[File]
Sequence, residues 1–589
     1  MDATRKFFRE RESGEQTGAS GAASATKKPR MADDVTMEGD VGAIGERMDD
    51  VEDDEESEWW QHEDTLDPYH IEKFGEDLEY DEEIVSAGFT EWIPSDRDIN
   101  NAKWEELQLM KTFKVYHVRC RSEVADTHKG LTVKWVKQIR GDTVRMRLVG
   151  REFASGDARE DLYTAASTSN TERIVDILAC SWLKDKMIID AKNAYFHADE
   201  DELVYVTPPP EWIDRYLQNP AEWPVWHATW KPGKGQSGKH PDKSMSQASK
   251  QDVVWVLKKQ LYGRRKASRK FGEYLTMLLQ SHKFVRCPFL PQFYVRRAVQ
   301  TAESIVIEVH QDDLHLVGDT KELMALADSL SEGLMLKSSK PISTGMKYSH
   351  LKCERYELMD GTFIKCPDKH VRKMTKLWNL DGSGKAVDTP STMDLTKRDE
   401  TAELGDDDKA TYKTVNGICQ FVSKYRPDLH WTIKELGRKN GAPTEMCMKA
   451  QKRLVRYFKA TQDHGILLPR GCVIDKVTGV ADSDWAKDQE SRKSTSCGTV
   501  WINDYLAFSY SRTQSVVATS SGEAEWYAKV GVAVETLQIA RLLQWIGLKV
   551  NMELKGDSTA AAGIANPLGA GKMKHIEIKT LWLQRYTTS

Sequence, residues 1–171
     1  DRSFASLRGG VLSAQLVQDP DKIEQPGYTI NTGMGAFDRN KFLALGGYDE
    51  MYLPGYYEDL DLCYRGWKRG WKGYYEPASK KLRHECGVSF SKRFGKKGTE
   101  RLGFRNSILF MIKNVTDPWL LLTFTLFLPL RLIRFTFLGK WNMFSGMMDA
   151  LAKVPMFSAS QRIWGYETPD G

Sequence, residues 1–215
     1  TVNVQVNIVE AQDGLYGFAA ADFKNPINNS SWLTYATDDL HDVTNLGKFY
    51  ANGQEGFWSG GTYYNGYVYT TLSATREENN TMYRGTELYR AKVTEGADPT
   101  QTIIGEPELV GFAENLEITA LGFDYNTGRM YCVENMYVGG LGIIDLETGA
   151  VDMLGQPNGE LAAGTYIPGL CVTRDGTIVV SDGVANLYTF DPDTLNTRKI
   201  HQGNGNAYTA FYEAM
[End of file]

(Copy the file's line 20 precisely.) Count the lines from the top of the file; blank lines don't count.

     1  TVNVQVNIVE AQDGLYGFAA ADFKNPINNS SWLTYATDDL HDVTNLGKFY